For the 366 photos project I have pretty much shot and posted several shots every day, often struggling to pick one, or suddenly remembering at 5pm that I forgot to do anything. Quick! Look outside, is there enough light? Crap! Okay, what screen shot can a slide into the deck?

And actually about the last 15 or so in my set have come from on or neat my estate of 1.3 acres? With an intense work schedule, including a 3 day online conference we ran, I’ve been almost cabin-fever locked inside. My breaks have been daily walks to the mailbox (1/4 mile away) or end of the day opportunities to poke around the back 40. So this has been another interesting challenge- I know every inch of my property, so how can I look at it again to find something new, worth photographing?

Big Cat
I’ve had some happy accidents, like getting down on the ground and trying severe upward angles, picking out a small detail (and more focus by post-photo cropping), just getting luck with noticing interesting light, playing with reflections, stitching a panorama, and getting lucky with action shots.

I am not proclaiming expertise here, but the very premise that D’Arcy made when he described hos effort last year, that this habit makes one first expand their style and form as a photographer, but also causes you to look at the world a little differently, looking over the familiar to try and find something new.

The 366 photos project is without a doubt almost my favorite thing going on right now. And we’ve only gotten a little past the one third point!

And yes, I am aiming to get the fast lens for the Digital Rebel… someday!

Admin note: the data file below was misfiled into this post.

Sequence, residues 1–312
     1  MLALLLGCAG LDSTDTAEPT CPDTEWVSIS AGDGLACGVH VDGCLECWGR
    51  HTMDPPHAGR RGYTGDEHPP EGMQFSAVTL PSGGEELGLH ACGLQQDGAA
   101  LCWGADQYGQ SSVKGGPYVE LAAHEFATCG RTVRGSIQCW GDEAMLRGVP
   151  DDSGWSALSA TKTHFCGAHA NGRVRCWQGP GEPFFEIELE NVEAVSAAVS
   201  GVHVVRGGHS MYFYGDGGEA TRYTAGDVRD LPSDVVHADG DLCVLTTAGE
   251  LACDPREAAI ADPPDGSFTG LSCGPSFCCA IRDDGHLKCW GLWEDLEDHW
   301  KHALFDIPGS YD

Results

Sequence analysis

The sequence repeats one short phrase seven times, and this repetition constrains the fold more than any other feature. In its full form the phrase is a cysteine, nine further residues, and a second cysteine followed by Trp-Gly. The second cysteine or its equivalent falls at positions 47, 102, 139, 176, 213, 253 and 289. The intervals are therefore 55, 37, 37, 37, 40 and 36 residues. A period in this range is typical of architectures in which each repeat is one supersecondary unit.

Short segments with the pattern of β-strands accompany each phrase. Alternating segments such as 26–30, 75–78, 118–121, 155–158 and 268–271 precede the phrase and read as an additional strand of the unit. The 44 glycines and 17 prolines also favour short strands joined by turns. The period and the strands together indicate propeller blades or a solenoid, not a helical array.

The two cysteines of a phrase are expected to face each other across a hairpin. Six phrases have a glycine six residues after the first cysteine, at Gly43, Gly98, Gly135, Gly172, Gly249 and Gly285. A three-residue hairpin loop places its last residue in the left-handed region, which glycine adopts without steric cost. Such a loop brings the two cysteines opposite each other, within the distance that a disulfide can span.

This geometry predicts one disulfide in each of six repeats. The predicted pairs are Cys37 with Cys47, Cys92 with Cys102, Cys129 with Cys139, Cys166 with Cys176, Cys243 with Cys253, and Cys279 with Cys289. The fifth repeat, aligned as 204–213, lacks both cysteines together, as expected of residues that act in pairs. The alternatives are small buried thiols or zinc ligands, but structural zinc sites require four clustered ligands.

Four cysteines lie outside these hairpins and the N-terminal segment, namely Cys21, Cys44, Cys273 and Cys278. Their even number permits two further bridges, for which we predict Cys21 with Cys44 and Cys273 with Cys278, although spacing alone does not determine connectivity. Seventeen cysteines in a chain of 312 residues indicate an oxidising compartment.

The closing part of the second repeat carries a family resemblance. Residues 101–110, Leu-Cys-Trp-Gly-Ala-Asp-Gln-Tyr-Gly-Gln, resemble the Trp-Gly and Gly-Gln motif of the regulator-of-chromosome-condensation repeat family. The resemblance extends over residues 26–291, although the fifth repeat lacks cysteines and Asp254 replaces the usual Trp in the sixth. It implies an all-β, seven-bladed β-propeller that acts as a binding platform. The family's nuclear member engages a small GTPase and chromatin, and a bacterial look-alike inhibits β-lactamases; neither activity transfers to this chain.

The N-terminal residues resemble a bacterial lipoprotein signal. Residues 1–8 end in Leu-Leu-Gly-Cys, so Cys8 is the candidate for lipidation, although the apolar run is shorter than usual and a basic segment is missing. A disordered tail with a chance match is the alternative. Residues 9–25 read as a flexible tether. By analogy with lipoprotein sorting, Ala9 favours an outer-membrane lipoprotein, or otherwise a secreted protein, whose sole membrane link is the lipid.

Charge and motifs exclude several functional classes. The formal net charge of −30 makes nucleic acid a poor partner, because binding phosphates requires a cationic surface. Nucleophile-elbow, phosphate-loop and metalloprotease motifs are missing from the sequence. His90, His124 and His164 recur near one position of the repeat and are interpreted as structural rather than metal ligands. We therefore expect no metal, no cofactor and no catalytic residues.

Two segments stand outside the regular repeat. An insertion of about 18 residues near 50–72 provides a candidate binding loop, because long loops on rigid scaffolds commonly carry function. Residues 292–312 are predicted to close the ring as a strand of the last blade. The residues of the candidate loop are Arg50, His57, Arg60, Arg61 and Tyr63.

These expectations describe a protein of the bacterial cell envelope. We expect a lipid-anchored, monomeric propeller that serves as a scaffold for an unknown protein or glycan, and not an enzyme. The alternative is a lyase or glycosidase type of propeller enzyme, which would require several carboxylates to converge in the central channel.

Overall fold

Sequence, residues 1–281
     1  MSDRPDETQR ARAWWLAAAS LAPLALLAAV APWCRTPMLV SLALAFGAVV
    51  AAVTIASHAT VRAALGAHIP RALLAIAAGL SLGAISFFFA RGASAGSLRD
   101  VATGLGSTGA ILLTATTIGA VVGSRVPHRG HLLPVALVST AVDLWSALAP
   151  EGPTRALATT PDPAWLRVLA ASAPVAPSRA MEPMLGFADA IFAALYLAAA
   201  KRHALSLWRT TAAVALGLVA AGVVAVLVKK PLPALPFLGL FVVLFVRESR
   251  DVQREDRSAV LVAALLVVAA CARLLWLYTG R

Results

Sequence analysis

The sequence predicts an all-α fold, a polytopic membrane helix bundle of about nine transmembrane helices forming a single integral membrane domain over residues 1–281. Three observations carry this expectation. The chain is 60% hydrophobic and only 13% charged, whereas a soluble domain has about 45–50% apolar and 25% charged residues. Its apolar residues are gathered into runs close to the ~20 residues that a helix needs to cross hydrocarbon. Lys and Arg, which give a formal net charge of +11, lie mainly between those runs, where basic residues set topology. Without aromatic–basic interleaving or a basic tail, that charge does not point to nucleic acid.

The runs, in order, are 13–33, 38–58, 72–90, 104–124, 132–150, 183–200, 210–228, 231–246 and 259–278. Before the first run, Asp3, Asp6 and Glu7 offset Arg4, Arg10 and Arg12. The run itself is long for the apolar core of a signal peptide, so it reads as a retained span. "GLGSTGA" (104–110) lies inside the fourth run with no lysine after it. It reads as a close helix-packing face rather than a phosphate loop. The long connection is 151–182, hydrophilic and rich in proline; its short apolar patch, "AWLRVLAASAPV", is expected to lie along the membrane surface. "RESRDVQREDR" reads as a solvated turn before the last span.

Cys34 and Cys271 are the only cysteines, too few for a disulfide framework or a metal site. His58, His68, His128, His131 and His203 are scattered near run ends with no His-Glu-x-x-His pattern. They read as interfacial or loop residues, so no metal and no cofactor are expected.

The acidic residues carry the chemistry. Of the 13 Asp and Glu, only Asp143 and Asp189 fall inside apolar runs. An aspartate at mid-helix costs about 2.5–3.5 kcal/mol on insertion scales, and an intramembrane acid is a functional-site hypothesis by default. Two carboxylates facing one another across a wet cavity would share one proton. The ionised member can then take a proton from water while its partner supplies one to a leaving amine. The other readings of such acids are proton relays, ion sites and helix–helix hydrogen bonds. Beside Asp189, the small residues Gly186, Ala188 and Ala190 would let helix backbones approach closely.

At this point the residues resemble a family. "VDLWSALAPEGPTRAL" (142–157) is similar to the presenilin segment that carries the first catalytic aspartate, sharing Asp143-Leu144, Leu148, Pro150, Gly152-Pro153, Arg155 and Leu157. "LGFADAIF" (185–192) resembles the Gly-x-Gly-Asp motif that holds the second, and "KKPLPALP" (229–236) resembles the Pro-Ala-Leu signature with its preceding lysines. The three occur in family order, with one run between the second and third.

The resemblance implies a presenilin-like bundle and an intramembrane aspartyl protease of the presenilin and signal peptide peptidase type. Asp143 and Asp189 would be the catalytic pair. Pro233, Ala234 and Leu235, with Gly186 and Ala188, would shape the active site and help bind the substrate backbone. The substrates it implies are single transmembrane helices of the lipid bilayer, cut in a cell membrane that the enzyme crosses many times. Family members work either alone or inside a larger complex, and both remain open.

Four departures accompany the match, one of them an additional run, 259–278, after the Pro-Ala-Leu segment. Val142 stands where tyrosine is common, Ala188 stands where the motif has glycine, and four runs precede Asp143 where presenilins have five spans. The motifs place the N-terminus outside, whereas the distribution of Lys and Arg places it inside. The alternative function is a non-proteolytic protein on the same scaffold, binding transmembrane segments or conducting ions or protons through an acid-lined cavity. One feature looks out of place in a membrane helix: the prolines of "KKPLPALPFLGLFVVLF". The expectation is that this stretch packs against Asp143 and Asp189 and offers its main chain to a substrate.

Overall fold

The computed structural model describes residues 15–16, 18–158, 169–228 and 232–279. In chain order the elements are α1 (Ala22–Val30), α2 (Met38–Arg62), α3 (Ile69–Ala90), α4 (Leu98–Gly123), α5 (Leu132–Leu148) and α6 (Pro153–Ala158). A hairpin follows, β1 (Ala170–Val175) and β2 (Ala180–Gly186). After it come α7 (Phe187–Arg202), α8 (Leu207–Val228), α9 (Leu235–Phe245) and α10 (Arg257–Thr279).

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Profile Picture for Alan Levine aka CogDog
An early 90s builder of the web and blogging Alan Levine barks at on web storytelling (#ds106 #4life), photography, bending WordPress, and serendipity in the infinite internet river. He thinks it's weird to write about himself in the third person.


  1. absolutely, alan! There are a billion ways to approach it, and I absolutely agree that there is something energizing about the whole thing. The _last_ thing I’d try to do is preach what I do as The One True Way. I change my own approach often enough for that to be impossible, and what works for me may very well not work for anyone else :-)

    I’m only doing the Digital Photography Sessions because I get questions about how I do stuff, and thought it might be fun to try to document some of it – even if it’s just used as a “well, that wouldn’t work for _me_…” discussion.

    I firmly believe that you don’t need to have a “real” camera to take good photos. There are lots of great ones taken and posted using cell phone cameras. Many others using point-and-shoot cameras. The point isn’t to find the biggest, baddest camera around. The point is to find one that feels good in your hand, and works for you. I just happen to enjoy lugging around my XT and a bunch of glass :-)

    So far, Jen has the best description of why photography resonates so strongly, for me anyway.

    I’m absolutely thrilled that so many people are becoming more active in this. Seriously – this is one of the most rewarding group projects I’ve been a part of. Can’t wait to see what we all come up with in the remaining 3/4 of the year :-)

  2. The project has gotten me into the habit of taking my camera everywhere, something I would do while traveling, but never at home. So now I’m getting those wonderful shots I would see and regret missing.